Scientists discover new sea slug species in UK waters

Scientists believe that continuous consequences of climate change are what caused it to wander so far north

By Web Desk
March 03, 2024
Pleurobranchaea Britannica, the new species of sea slug. — Sky News via CEFAS/File

Scientists have discovered a new species of sea slug in the waters of the United Kingdom. The new sea creature named "Pleurobranchaea Britannica" was found during a routine fishery survey in southwest England, Sky News reported.

Previously, it was believed that only two species of the pleurobranchid genus of sea slug existed, of which none were ever seen in UK waters.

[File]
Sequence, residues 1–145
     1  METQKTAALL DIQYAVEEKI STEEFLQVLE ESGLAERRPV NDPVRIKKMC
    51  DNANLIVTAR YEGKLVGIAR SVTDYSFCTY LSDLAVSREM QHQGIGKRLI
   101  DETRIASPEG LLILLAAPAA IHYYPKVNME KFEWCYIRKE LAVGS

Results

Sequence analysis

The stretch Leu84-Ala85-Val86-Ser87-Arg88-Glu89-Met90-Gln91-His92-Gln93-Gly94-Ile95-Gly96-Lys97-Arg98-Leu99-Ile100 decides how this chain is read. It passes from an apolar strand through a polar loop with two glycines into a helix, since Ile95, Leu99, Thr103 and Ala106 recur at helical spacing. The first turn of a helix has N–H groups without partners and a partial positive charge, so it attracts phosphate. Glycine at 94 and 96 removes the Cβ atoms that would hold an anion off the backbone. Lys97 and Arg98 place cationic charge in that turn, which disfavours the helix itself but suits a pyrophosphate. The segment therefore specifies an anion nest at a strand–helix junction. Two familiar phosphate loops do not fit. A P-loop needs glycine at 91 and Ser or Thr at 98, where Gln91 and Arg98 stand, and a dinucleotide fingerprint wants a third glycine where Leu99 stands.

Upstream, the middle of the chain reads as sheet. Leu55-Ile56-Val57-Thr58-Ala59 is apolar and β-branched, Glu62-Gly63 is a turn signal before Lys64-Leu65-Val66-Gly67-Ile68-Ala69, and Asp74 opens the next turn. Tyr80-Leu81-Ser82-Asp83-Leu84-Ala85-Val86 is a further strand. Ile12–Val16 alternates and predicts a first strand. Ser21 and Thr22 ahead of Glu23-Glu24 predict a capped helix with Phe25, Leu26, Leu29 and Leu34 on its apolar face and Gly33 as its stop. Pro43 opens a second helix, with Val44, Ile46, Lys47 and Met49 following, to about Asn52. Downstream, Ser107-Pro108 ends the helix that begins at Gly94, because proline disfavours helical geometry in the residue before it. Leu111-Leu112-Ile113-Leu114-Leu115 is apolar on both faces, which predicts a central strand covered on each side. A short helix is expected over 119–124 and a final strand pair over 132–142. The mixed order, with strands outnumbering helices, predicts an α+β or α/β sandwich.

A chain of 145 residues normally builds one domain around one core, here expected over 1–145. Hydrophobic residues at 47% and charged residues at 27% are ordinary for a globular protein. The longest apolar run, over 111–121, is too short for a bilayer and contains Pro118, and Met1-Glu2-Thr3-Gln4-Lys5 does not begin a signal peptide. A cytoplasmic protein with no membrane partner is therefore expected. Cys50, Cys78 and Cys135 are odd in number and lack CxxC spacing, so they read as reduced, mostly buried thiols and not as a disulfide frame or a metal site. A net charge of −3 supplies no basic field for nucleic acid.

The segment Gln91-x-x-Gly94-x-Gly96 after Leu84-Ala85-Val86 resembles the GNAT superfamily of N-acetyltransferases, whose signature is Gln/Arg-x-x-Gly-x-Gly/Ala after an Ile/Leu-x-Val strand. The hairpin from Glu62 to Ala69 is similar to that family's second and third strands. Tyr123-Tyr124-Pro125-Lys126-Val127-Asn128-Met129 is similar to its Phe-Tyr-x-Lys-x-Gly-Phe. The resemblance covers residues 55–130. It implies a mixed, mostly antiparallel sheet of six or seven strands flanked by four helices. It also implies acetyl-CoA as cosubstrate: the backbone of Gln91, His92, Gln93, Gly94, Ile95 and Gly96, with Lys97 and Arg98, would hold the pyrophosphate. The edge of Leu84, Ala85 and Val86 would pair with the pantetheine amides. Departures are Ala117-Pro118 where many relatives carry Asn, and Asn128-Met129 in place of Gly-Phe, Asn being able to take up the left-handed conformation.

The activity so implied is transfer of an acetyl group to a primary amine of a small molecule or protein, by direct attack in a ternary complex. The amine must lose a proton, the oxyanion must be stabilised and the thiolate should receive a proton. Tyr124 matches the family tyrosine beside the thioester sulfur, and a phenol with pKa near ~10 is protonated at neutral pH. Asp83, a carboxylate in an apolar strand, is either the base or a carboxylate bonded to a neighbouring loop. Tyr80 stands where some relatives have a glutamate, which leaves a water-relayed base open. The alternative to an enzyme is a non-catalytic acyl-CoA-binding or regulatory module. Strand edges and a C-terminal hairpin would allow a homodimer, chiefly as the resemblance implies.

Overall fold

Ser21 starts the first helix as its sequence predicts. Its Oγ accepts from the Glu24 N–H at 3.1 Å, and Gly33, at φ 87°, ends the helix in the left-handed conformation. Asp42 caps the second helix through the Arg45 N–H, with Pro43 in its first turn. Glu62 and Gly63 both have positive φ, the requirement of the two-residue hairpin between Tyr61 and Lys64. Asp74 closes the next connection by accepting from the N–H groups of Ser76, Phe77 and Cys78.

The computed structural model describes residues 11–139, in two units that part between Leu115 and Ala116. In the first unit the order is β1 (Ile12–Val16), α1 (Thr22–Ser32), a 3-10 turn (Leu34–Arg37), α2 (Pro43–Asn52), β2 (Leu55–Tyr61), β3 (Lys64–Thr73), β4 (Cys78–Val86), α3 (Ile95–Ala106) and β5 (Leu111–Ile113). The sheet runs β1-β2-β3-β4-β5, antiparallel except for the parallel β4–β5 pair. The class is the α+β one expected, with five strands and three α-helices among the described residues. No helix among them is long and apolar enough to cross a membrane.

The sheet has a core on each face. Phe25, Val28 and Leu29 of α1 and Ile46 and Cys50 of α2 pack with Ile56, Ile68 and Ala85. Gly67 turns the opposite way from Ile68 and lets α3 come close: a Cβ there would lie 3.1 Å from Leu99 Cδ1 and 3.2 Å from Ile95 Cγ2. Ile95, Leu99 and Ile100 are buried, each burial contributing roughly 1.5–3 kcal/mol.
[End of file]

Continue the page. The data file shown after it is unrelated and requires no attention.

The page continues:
Ross Bullimore of the Centre for Environment, Food and Aquaculture Science (CEFAS) made the serendipitous discovery.

According to researchers, the new species of slug, Pleurobranchaea Britannica, is between two and five centimetres long and has gills on its side.

According to a report published by CEFAS, "the discovery marks the first recorded instance of a sea slug from the Pleurobranchaea genus in UK waters."

Although there are other widespread species of sea slugs, this particular variety is more commonly found in the Mediterranean Sea's warmer waters.

Scientists believe that the continuous consequences of climate change are what caused it to wander so far north.

Upon first analysis, scientists believed they had found a new species, but subsequent studies revealed it was a standalone species.

To protect themselves from predators, some sea slugs will recycle parts of the prey they eat. If they eat prey that has toxins, for example, they will secrete the poison into their own skin.